US 6266874 B1
A method of making a microelectronic component by providing a conductive element, providing a resist at selected locations on said conductive element and electrophoretically depositing an uncured dielectric material on the conductive element, wherein the uncured material will be deposited on the conductive element except at locations covered by the resist. The deposited material is cured to form a dielectric layer and the resist is removed so that the dielectric layer has openings extending to the conductive element at locations the locations which were covered by the resist.
1. A method of making a microelectronic component comprising the steps of:
(a) providing a conductive element;
(b) providing a resist at selected locations on said conductive element;
(c) depositing an uncured dielectric material on said conductive element electrophoretically, wherein said uncured material will be deposited on said conductive element except at locations covered by said resist;
(d) curing the deposited material to form a permanent dielectric layer on said conductive element, which serves as an insulating layer in the microelectronic component after the component is completed; and
(e) removing said resist, whereby said dielectric layer will have openings extending to said conductive element at the locations which were covered by said resist.
2. A method as claimed in claim 1 wherein said uncured dielectric material is selected from the group consisting of epoxies and acrylics.
3. A method of making a microelectronic component comprising the steps of:
(a) providing a conductive element;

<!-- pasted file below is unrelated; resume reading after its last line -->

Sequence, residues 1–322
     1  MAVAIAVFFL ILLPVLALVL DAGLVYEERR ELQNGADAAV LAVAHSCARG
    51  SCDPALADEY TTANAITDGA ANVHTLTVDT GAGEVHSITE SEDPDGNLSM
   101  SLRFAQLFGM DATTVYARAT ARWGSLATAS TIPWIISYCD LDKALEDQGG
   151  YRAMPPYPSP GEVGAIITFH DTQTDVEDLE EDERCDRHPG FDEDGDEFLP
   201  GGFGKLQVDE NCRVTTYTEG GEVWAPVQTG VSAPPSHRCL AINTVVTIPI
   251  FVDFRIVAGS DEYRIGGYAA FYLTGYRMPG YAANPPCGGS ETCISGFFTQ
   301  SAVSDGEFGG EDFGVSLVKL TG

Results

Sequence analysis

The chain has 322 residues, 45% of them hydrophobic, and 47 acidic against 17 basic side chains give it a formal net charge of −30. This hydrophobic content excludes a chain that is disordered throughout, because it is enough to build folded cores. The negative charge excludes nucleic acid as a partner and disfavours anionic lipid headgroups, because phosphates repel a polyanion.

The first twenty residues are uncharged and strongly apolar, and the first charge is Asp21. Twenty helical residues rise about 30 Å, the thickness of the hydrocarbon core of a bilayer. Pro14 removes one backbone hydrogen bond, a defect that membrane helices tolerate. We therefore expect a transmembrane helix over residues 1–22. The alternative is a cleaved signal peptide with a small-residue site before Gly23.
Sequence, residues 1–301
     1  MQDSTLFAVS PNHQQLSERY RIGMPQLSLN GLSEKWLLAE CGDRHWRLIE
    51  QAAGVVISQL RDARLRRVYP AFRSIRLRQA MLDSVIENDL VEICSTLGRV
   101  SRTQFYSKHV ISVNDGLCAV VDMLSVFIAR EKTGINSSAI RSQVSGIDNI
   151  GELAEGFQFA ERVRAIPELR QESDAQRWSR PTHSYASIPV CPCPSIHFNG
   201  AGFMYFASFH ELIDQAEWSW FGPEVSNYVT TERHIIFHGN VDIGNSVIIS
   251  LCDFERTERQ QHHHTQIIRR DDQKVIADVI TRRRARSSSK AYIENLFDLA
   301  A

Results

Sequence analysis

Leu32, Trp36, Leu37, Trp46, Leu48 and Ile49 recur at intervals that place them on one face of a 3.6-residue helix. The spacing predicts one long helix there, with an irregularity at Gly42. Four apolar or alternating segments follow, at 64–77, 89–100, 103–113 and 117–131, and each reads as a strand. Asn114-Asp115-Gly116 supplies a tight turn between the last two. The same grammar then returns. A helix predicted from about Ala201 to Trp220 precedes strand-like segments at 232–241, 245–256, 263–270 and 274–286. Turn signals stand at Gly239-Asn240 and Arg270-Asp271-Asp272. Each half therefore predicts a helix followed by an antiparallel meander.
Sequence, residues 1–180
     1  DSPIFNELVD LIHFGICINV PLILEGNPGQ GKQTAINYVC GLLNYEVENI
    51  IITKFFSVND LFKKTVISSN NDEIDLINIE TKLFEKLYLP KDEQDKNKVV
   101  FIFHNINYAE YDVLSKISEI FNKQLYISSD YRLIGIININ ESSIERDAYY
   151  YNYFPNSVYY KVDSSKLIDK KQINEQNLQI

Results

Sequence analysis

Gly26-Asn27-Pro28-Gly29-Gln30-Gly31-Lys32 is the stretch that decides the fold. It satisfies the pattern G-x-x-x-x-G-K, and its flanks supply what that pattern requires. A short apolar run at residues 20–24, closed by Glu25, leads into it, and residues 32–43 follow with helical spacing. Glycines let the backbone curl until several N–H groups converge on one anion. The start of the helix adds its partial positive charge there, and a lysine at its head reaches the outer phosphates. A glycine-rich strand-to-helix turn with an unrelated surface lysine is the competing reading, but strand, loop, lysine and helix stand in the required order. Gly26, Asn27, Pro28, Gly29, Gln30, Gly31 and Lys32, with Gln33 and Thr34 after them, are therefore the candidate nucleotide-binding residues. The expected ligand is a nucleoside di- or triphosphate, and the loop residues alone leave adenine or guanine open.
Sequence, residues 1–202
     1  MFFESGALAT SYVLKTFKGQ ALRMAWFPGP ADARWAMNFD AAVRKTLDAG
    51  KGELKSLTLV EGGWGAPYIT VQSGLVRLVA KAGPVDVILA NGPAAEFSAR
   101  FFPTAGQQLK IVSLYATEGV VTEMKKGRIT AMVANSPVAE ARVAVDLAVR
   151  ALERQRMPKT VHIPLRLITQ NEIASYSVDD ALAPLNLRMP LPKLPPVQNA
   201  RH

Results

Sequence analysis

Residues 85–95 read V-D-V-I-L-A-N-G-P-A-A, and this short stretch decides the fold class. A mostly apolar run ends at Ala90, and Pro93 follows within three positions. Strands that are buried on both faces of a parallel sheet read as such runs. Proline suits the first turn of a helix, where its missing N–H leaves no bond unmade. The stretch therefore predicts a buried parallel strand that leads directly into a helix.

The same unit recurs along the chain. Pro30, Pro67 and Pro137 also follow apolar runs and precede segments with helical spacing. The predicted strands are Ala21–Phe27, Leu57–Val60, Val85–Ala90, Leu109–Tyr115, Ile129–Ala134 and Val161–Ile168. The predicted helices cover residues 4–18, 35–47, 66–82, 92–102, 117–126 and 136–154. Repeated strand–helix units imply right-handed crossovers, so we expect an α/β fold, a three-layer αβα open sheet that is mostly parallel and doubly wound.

(b) providing a resist at selected locations on said conductive element;
(c) depositing an uncured dielectric material on said conductive element electrophoretically, wherein said uncured material will be deposited on said conductive element except at locations covered by said resist;
(d) curing the deposited material to form a dielectric layer on said conductive element;
(e) removing said resist, whereby openings are created at the locations which were covered by said resist, said openings extending to said conductive element; and
(f) depositing an electrically conductive structural material in said openings to thereby form conductors electrically connected to said conductive element.
4. A method as claimed in claim 3 wherein said step of depositing an electrically conductive structural material includes the step of depositing said structural material on said dielectric layer to form a conductive layer overlying said dielectric layer, said overlying conductive layer being connected to said dielectric layer by said conductors.
5. A method as claimed in claim 4 further comprising the step of selectively etching said overlying conductive layer.
6. A method as claimed in claim 3 wherein said conductors are formed as hollow shells within said openings.
7. A method of making a microelectronic component comprising the steps of:
(a) providing a conductive sheet having a flat surface;
(b) providing a resist at selected locations on said flat surface of said conductive sheet;
(c) depositing an uncured dielectric material on said conductive sheet electrophoretically, wherein said uncured material will be deposited on said conductive sheet except at locations covered by said resist;